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representative ilhan omar's district, one of his favorite targets. >> how do you have such a person representing you in minnesota? i'm very angry at you people right now. >> reporter: his base especially crucial here in minnesota. >> president trump, whoo! >> reporter: a state he narrowly lost in 2016, a campaign hopes is winnable in 2020. they're among the president's front row of supporters, retired restaurant and club owner richard snowden. do you think the impeachment inquiry will have impact on trump supporters like yourself? >> no, i think it's going to embolden us. it's going to help trump. >> reporter: snowden's journey to this rally began two days ago. >> i flewprobably about an hour half on the plane. and that's it. so i've been awake essentially 36 hours. >> reporter: he always makes it a point to travel in his suit and tie looking more like he's on his way to a business conference than a political rally.
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>> number 56 for me. >> reporter: snowden will spend the night before the rally inside the target center so he doesn't lose his coveted number two spot in line. snowden says this trump rally will be his 56th and he's spent around $30,000 of his own money traveling to them over the last four years. that's him at a trump rally in wisconsin in 2016. president trump sometimes spotting him in the crowd. >> and we have a man in the audience who is i think the best-dressed man in this entire place, including me, right here. look at him. come here. look at him, look at this guy. and he's been to a couple of rallies too, haven't you, huh? >> reporter: snowden is part of a small group of trump die-hards who call themselves front row joes. how has life been for you personally under president trump?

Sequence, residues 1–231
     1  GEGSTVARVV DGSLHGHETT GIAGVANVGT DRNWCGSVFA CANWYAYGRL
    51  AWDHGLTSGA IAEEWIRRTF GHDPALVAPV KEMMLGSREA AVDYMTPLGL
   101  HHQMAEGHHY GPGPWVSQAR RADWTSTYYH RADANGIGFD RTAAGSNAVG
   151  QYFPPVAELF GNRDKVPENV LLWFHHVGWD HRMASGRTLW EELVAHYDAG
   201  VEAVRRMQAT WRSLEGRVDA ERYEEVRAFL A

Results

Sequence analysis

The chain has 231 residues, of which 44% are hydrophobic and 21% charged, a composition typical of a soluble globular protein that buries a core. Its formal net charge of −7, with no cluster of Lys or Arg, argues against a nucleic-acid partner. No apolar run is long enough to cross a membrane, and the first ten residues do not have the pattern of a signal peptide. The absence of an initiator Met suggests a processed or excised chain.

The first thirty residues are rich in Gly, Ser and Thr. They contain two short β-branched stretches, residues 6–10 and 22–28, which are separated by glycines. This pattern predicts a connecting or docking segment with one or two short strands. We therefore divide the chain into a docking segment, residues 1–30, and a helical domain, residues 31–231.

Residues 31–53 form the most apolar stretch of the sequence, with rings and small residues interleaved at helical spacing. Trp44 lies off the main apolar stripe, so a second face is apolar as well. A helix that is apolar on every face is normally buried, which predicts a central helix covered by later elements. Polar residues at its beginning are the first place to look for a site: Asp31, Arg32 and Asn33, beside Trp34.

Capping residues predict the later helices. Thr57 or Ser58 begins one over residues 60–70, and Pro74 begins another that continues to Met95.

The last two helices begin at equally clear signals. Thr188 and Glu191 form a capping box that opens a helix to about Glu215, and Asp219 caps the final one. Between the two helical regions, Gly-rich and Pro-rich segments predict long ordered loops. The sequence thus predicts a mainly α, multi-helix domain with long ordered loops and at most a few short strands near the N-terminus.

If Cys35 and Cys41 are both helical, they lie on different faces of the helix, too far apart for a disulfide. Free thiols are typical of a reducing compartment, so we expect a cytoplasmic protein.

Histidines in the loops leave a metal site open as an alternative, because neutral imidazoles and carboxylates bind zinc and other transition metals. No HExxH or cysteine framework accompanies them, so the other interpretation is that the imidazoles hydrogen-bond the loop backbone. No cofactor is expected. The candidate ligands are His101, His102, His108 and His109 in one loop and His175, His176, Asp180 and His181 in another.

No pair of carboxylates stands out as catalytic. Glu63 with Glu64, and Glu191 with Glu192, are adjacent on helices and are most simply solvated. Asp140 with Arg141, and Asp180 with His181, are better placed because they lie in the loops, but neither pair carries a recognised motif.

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>> it's been the greatest ever. >> the greatest ever? >> ever, yeah. we wake up every day thanking the lord that donald trump is our president. >> wow. >> yeah. we love him. >> you drank the kool-aid gallon, sounds like. >> unsweetened, too. >> reporter: richard says he found his candidate the minute he saw trump come down that escalator in june 2015. >> sure you disagree maybe on 10% or something, or sometimes you say i wish he hadn't made that tweet. but us supporters understand why he's doing these tweets. so we love him more than ever. >> reporter: this even as the president is under investigation for asking the president of ukraine to dig up dirt on joe biden, his political rival. two weeks ago the white house released its memorandum of the phone call between the two leaders. what do you make of this impeachment inquiry into the president? >> well, it's a witch hunt. it's terrible because there's no impeachable offenses there.